1. to create the conditions where teachers feel safe and empowered to write themselves.
  2. to support teachers’ instructional practice so they effectively teach students better ways to write.

I grapple with the time writing demands and the time required to imagine its application in a writing workshop. No quick fix. All teachers want things we can implement tomorrow, along with ideas that will percolate over time.

So, I am facing the dilemma of what’s the next step. Where might we go in the coming session that will benefit these teachers as writers and teachers of writing? If I were in a classroom, all the complexity and excitement of the talk, the reading, the writing, would drive the next lesson.

Maybe we will start there. Start with some time to talk, some time to read each others’ writing and student writing to determine our own personal learning needs. We’ll ask ourselves and each other: what am I seeing in this writing that could be improved and how might I get there? A real writer’s roundtable. We can share the responsibility of what we’ll learn and rely on each other for steps to move forward. Together.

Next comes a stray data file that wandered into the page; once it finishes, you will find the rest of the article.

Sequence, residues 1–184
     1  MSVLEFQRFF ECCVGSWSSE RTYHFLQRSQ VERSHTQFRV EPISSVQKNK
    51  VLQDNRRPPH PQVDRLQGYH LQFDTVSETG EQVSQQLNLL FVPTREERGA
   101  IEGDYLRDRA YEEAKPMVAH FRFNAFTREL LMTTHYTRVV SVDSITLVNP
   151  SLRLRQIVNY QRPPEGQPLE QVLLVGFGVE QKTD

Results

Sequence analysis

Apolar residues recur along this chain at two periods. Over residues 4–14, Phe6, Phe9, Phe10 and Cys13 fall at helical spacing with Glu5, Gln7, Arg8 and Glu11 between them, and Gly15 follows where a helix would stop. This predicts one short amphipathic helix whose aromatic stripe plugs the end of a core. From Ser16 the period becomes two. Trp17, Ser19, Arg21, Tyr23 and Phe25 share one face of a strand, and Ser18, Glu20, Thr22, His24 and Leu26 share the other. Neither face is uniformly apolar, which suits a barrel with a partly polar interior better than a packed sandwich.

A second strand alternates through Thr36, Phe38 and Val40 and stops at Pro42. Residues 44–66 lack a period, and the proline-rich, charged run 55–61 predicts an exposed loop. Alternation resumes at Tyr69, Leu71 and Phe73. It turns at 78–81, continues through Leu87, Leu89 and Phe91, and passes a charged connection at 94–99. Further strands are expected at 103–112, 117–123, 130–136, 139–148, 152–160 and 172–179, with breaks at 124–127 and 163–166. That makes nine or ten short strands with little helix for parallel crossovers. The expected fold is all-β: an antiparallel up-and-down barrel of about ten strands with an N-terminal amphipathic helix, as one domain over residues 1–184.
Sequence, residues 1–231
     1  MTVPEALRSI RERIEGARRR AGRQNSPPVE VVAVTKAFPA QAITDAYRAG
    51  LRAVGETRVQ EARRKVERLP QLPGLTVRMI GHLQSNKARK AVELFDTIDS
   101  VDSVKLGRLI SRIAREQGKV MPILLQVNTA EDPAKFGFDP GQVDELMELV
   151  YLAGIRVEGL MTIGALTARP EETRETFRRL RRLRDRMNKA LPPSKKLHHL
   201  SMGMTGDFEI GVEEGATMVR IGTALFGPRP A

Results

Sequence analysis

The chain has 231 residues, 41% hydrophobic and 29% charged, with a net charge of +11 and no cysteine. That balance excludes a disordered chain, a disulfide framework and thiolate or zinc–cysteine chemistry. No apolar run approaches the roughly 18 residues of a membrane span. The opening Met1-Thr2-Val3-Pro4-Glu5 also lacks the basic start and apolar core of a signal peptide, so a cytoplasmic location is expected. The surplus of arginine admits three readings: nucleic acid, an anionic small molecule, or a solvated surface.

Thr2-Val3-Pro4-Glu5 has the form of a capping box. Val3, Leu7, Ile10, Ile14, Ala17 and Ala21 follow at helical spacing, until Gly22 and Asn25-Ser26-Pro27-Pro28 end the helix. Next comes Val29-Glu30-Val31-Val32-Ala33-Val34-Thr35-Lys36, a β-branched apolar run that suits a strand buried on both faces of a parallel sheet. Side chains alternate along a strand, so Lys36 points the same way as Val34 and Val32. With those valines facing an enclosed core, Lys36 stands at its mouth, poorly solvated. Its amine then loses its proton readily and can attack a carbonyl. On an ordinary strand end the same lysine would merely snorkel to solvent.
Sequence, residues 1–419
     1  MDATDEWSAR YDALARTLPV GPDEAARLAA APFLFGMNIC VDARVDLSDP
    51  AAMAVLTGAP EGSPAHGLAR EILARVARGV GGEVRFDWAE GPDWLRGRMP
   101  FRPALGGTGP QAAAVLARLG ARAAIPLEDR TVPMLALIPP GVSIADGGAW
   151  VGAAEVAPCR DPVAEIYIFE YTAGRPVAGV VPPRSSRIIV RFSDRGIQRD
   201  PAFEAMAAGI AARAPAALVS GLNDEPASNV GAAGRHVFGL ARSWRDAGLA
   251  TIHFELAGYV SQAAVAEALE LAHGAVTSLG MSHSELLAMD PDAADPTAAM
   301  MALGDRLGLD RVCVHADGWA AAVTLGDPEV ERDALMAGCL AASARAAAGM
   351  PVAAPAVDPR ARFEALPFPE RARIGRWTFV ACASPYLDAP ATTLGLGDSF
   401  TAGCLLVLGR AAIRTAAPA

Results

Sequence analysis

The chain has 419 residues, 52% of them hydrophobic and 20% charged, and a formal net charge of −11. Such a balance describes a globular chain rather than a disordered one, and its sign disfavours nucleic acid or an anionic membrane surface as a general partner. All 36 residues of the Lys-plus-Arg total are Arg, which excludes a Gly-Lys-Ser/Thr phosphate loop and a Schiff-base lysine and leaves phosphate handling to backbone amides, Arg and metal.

Recognizing a Reluctant Writer in the Mirror

Last Monday brought the launch of a new professional learning series entitled Inspiring Reluctant Writers with a group of 30 grade 6, 7, and 8 educators.  Before the day arrived, I admit I fought a daily battle of self-doubts and what ifs:  what if they don’t trust my message? what if they don’t get what they came for? what if they resist journeying wiwould-you-ratherth me? Without hesitation I share that I read more than write, consume far more than I create.  I asked participants to check in when they entered on a list of ‘Would you Rather’ prompts. Notice the t-chart of read/write in the image. That became the big reveal of the day as almost all of us came to a realization that WE are reluctant writers.  Let that sit for a minute. Here we are attending a professional learning series targeting the needs of our students when bam, it becomes painfully clear that we must address our own reluctance first.